Lawmakers pile on, asking the administration to investigate Rupert Murdoch's embattled media empire
Sen. Barbara Boxer (D-Calif.) joined Sen. John Rockefeller (D-W.Va.) on Wednesday in asking Attorney General Eric Holder and Securities and Exchange Commission Chairman Mary Schapiro to investigate whether News Corp. broke any U.S. laws.
The scandal over Rupert Murdoch's News of the World newspaper in London has already cost his company British broadcaster BSkyB. Boxer and Rockefeller want to know if any of Murdoch's media holdings pulled similar tricks in the United States. They also want to know if it's possible to prosecute any of his executives under U.S. law.
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The tabloid was closed after allegations that its reporters hacked into cell-phone voice-mail accounts of a young murder victim, politicians, and the royal family, and bribed police to get phone records of victims of the 9/11 attacks.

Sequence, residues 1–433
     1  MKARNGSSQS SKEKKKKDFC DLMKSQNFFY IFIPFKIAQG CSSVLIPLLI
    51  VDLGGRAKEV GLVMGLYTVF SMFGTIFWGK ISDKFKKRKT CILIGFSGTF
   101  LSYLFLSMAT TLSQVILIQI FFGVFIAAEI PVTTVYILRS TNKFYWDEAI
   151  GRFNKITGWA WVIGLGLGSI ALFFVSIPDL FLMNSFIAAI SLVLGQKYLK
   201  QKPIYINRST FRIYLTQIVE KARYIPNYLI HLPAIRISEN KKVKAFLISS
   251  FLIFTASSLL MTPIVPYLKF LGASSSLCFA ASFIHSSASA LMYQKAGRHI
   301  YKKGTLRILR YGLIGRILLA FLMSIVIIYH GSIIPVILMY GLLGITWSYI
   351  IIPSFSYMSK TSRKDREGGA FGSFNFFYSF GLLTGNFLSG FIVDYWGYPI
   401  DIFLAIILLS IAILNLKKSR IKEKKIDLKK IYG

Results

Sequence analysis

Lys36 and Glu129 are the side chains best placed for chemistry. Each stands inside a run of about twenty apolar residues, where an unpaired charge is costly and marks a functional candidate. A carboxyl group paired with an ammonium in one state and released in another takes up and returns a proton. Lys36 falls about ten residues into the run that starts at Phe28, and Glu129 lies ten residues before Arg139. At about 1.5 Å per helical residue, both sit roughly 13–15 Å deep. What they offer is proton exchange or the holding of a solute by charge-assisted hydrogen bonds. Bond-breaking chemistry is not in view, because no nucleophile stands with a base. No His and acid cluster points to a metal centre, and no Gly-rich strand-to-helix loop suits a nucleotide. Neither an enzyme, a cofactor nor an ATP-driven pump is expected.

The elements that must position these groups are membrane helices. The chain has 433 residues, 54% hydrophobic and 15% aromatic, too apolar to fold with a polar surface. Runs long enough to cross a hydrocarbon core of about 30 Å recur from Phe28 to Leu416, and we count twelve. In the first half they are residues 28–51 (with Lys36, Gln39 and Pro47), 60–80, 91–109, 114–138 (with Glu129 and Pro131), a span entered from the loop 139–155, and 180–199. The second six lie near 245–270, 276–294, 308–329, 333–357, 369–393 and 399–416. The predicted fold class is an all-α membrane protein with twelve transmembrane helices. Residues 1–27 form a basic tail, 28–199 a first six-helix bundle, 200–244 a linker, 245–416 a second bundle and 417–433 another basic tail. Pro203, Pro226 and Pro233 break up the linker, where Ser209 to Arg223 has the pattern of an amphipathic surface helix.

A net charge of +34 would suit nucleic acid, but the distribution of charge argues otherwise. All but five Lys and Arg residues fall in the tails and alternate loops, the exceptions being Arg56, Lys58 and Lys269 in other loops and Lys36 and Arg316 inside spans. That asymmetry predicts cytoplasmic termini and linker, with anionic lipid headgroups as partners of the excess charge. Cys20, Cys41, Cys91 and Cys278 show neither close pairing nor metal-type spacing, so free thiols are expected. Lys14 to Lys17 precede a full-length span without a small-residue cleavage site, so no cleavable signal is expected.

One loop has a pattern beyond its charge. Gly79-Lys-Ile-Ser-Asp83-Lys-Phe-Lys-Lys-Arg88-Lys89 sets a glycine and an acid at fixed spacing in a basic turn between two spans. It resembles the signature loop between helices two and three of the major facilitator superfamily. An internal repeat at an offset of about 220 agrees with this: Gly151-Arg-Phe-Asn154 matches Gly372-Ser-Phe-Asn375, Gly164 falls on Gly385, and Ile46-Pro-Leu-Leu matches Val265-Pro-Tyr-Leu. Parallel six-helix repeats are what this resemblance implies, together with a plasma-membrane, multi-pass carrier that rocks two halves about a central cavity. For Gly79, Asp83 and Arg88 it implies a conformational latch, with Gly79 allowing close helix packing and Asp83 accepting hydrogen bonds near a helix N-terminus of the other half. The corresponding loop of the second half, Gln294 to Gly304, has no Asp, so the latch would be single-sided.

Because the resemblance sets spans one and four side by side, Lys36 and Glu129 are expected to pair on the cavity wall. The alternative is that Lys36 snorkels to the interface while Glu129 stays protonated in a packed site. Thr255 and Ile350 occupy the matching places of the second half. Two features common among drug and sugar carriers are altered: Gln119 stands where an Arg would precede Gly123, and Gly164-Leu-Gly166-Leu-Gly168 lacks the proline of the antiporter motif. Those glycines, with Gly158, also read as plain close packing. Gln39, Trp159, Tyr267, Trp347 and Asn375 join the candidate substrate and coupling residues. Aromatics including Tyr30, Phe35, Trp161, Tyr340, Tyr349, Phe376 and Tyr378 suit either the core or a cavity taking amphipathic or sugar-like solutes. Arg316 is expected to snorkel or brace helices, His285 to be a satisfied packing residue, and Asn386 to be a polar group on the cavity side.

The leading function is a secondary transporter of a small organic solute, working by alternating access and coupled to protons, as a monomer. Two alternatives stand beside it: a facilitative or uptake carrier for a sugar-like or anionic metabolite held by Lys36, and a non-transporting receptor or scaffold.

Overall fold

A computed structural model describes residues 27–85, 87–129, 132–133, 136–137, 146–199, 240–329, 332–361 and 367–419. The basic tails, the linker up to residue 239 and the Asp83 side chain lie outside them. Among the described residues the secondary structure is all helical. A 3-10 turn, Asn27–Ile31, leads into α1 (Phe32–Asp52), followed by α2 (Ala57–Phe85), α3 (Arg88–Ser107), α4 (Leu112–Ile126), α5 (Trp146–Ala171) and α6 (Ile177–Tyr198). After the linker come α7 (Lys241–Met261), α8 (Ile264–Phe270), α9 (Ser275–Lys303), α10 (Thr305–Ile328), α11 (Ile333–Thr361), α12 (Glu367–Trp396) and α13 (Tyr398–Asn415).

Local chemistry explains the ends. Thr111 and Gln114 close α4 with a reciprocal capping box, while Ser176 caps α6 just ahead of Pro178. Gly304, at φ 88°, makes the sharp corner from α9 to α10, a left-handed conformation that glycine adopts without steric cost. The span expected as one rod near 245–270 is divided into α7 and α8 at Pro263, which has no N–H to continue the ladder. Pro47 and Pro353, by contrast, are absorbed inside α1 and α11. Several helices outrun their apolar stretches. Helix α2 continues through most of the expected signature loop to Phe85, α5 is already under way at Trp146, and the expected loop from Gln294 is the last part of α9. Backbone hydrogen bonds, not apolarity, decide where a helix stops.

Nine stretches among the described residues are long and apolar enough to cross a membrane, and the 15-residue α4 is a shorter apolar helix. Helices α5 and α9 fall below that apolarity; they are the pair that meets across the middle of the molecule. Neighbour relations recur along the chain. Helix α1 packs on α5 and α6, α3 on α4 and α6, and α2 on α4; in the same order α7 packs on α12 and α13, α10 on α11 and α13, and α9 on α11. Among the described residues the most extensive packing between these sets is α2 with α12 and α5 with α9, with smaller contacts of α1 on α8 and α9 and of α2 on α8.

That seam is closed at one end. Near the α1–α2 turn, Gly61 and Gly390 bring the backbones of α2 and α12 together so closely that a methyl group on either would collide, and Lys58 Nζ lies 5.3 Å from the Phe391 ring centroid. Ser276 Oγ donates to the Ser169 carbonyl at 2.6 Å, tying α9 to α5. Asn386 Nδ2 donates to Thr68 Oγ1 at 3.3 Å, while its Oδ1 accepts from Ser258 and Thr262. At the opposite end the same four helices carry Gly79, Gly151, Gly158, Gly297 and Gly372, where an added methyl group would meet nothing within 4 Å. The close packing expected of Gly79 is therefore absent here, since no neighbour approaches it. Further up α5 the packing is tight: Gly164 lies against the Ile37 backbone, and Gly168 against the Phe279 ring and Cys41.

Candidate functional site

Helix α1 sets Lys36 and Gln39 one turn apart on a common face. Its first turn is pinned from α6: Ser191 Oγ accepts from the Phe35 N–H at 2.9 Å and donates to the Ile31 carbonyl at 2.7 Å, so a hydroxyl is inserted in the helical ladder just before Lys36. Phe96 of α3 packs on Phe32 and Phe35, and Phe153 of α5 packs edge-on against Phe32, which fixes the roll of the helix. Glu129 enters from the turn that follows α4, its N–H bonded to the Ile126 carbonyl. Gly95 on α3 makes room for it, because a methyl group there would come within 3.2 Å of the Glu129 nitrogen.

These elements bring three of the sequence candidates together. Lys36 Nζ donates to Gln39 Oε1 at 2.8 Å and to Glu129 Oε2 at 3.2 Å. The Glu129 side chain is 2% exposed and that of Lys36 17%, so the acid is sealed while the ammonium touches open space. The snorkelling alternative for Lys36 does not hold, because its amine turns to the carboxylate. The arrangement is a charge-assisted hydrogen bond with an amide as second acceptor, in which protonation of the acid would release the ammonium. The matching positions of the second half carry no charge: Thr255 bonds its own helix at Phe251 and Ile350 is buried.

"The allegations, if true, may constitute a violation of the Foreign Corrupt Practices Act, which prohibits corrupt payments intended to influence any act or decision of a foreign official," Rockefeller and Boxer wrote in a joint statement.
"The reported allegations against News Corporation are very serious and indicate potentially thousands of victims and a pattern of illegal activity. It important to ensure that no United States laws were broken and no United States citizens were victimized."